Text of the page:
The Ghost of Yotsuya (1959)

Typically when I think of older Japanese horror films I think of a movie like Kaidan.  They are wonderful works of art and visual style, but the style often overtakes the story and, for someone who is not Japanese (especially 50 or more years removed), there is a lot that is lost in translation.

Not so with The Ghost of Yotsuya.  While based in Japanese folklore, and still reflecting some film making styles of its time, the pacing is much more like a modern Western horror film. 

The story takes place in Edo, where a young samurai named Iemon Tamiya (Shigeru Amachi) wishes to marry Iwa (Katsuo Wakasugi), the daughter of of another samurai of higher rank, Hikoemon Sato (Arata Shibata).  When Sato refuses the marriage and insults Iemon, the younger man flies into a fit of rage and kills Sato and his guards.  This, however, is witnessed by Sato's servant Naosuke (Shuntaro Emi).  Iemon makes to kill Naosuke, but Naosuke comes up with a plan to cover up the murder by claiming it was done by another samurai named Usaburo (Yozo Takamura). 

Iwa, her brother Yamoshichi (Ryuzaburo Nakamura) and sister Sode (Noriko Kitazawa) swear vengeance.  Iemon and Naosuke pledge to help, with Naosuke having designs on marrying Sode. However, their plan will only come together if Yamoshichi is out of the way.  They manage to lure him away from his sisters, stab him and throw him over a waterfall.  Returning to the sisters, they claim they were surprised by Usaburo and their brother was killed. 

Time passes and Iemon and Iwa are married and have a son. Naosuke and Sode also marry, but she refuses to consummate the marriage until proper vengeance has been taken upon Usaburo for her father and brother.  Iemon's gambling habit soon has him in debt to a number of people, including a masseuse named Takuetsu (Jun Otomo), who secretly craves Iwa. 

Opportunity to make more money comes when Iemon defends the honor of Ume (Junko Ikeuchi), the daughter of the powerful and rich lord Kiemon Ito (Hiroshi Hayashi).  Ito is desirous of a marriage between Ume and Iemon, and Iemon is desperate to get a hold of the money that comes with it.  Ever the schemer, and looking to get a taste of the money by blackmailing Iemon, Naosuke suggests that it be set up to appear that Iwa was having an affair with Takuetsu.  While Iemon refuses to kill her with his sword, Naosuke acquires poison that can be used to do away with her.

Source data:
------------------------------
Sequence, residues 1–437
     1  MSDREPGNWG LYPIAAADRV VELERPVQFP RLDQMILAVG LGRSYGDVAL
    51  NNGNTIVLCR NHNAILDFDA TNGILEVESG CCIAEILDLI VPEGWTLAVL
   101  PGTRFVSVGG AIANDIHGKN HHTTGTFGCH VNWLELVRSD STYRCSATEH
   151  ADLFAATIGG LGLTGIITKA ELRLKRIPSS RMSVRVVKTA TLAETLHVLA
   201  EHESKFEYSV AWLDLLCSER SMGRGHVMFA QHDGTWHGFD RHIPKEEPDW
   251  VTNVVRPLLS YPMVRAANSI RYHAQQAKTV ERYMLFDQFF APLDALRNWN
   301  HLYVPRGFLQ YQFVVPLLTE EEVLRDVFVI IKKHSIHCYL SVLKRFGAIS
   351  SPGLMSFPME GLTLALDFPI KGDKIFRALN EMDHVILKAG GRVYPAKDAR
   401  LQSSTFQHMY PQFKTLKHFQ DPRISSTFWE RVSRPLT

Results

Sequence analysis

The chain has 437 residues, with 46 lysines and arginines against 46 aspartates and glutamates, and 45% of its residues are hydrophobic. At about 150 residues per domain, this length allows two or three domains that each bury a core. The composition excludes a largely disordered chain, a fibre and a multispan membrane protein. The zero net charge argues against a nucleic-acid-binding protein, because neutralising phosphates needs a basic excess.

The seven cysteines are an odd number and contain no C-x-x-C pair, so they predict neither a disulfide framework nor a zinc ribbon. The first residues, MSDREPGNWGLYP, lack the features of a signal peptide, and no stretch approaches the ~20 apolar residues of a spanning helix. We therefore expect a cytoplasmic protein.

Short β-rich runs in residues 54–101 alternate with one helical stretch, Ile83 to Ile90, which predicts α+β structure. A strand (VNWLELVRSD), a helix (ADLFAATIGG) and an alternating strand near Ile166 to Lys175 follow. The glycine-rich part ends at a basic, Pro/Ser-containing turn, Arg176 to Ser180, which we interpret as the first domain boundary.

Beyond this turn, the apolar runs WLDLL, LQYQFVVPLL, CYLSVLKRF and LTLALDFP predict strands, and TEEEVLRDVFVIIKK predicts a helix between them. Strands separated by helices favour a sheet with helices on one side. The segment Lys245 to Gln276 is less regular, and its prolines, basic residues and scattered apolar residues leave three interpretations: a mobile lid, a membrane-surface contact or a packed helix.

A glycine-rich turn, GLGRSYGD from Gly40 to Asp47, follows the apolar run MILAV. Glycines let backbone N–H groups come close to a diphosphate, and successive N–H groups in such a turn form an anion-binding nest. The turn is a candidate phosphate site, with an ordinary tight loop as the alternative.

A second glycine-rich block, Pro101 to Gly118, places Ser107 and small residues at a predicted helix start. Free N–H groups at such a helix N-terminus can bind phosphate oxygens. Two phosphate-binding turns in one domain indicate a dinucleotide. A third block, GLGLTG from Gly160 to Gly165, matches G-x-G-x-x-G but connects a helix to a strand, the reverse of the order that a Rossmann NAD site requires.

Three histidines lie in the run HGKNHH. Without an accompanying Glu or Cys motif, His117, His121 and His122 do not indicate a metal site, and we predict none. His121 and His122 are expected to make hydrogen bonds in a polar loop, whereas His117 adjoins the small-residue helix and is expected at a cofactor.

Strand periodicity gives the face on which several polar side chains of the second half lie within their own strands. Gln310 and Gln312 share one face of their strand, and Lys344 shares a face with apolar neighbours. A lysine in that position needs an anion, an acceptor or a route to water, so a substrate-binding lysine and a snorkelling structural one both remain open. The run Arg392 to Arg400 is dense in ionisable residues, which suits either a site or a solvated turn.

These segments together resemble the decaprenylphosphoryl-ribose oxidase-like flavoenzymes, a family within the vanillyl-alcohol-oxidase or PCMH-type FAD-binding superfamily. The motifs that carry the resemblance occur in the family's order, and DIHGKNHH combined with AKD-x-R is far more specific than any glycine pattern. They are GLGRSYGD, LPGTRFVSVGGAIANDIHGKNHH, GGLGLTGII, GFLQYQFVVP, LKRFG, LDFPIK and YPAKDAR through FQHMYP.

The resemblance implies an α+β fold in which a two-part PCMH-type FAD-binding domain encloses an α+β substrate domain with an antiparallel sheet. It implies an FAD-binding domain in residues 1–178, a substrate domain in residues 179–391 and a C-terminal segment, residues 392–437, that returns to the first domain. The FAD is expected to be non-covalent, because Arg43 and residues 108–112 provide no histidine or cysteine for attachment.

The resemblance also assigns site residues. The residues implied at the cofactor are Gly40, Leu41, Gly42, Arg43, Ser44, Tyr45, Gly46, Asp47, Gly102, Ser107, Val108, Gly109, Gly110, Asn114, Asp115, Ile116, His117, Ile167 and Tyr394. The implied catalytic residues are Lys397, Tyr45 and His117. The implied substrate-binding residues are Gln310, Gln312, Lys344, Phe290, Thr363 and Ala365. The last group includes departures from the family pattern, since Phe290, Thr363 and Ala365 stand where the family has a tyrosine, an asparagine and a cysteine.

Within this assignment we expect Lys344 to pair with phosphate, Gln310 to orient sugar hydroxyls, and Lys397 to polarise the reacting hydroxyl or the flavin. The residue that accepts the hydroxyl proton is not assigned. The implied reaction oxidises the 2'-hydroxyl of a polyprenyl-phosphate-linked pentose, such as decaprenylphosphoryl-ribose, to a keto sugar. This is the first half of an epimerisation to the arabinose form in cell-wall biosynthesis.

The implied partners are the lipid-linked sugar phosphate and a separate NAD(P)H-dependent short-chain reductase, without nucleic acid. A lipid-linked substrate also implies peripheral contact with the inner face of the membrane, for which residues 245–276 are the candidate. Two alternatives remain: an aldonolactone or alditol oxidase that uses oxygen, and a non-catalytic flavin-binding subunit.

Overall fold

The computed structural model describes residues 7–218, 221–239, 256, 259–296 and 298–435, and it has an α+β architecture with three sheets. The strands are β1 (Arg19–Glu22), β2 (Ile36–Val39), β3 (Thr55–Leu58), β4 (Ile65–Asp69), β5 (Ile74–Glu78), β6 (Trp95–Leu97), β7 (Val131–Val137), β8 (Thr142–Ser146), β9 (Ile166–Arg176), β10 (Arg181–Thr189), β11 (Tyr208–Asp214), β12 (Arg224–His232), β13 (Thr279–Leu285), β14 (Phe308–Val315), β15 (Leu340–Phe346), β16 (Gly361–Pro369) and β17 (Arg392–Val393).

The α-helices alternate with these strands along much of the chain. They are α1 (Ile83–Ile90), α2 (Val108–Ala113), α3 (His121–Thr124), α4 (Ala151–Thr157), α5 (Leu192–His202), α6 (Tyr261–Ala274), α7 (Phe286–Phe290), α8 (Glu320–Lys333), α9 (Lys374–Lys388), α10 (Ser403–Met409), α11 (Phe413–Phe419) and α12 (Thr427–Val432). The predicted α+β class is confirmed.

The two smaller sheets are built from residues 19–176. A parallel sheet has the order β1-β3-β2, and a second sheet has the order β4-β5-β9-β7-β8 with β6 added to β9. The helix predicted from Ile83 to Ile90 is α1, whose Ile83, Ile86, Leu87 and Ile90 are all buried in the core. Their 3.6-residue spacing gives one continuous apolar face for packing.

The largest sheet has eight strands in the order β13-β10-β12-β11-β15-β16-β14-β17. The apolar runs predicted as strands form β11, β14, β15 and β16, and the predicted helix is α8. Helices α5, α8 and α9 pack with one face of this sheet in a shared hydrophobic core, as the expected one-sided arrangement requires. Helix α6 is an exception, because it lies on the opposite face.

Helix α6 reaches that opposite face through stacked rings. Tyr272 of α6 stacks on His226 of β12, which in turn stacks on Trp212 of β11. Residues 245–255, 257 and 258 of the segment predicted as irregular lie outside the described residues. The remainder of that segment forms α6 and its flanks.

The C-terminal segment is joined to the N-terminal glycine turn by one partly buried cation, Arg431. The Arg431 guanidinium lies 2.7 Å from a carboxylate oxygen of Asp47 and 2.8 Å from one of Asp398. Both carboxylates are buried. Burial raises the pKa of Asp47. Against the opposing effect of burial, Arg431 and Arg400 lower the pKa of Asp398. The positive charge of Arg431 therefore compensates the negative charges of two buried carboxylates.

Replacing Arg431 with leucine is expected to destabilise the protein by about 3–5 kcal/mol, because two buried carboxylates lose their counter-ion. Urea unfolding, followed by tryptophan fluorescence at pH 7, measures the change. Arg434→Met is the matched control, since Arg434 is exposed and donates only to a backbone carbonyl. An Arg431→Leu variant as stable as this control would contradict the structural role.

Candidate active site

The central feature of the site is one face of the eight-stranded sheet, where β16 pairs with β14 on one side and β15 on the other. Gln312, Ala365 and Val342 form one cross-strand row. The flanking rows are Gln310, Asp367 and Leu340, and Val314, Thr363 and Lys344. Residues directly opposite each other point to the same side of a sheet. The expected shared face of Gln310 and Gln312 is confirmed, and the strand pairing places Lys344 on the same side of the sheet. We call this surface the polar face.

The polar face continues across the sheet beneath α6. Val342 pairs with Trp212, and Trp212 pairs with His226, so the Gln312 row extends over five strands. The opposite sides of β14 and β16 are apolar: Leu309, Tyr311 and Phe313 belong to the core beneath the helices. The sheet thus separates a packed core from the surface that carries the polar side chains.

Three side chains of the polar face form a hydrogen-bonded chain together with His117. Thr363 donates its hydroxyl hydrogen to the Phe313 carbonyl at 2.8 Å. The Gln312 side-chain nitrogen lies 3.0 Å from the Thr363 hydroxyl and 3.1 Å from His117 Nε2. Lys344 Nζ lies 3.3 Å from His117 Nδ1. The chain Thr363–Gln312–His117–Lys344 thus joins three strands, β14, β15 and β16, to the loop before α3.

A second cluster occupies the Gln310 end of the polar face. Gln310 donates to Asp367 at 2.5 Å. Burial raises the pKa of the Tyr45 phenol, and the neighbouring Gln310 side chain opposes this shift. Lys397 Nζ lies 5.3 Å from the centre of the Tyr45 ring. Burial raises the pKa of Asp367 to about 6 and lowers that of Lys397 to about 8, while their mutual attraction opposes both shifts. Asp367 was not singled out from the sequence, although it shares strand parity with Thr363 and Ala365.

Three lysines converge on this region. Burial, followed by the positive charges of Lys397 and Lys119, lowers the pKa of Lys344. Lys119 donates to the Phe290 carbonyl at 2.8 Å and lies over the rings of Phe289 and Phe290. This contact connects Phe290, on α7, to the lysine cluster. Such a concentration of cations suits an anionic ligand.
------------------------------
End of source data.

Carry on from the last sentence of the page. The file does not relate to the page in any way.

Iemon invites Takuetsu to his home with the promise that Iwa will be compliant and, shortly before leaving, gives her the poison, which soon causes her skin to rot and hair to fall out.  Cursing Iemon and declaring that she shall have her vengeance, she dies and takes their son with her.  Returning home, Iemon kills Takuetsu, and with the help of Naosuke ties both bodies to shutters and dumps them in a lake. 

Now free to marry Ume, he does so quickly.  However, Iwa and Takuetsu's spirits have other plans, and it may not be too late for the living to take revenge as well.

For those used to the more dreamy style of most Japanese directors of the time, or the John Ford-style often favored by Kurosawa, this will come as a bit of a surprise.  Nabuo Nakagawa keeps things tight, with a short running time, and once the scares do come he knows how to employ them.  Shigeru Amachi does well as a sympathetic villain who desires honor and wealth while not understanding how to truly achieve either, while Shuntaru Emi is great as the devil on his shoulder that pushes him further than he would go on his own.  The rest of the cast, while solid, are meant to play integral parts rather than true characters, as there isn't much time for extraneous development.

Also to be praised is the makeup, which goes beyond what is normally seen in a movie from its time.  Iwa makes a memorable ghost because of the way she dies, with half her face eaten away and her hair pulling skin away from her scalp.  The job looks like effects Tom Savini would use over a decade later.

The Ghost of Yotsuya (1959)
Time: 76 minutes
Starring: Shigeru Amachi, Shuntaru Emi, Katuso Wakasugi
Director: Nobuo Nakagawa

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